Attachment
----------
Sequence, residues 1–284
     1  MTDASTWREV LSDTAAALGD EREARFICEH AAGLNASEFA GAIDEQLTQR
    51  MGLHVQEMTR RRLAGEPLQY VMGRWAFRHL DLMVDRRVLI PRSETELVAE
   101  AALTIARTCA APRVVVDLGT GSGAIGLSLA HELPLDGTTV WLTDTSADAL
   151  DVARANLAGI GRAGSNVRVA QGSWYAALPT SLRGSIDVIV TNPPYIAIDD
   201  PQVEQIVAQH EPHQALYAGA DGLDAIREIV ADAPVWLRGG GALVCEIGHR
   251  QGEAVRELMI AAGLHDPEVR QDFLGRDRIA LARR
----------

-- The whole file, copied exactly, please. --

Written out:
Sequence, residues 1–284
     1  MTDASTWREV LSDTAAALGD EREARFICEH AAGLNASEFA GAIDEQLTQR
    51  MGLHVQEMTR RRLAGEPLQY VMGRWAFRHL DLMVDRRVLI PRSETELVAE
   101  AALTIARTCA APRVVVDLGT GSGAIGLSLA HELPLDGTTV WLTDTSADAL
   151  DVARANLAGI GRAGSNVRVA QGSWYAALPT SLRGSIDVIV TNPPYIAIDD
   201  PQVEQIVAQH EPHQALYAGA DGLDAIREIV ADAPVWLRGG GALVCEIGHR
   251  QGEAVRELMI AAGLHDPEVR QDFLGRDRIA LARR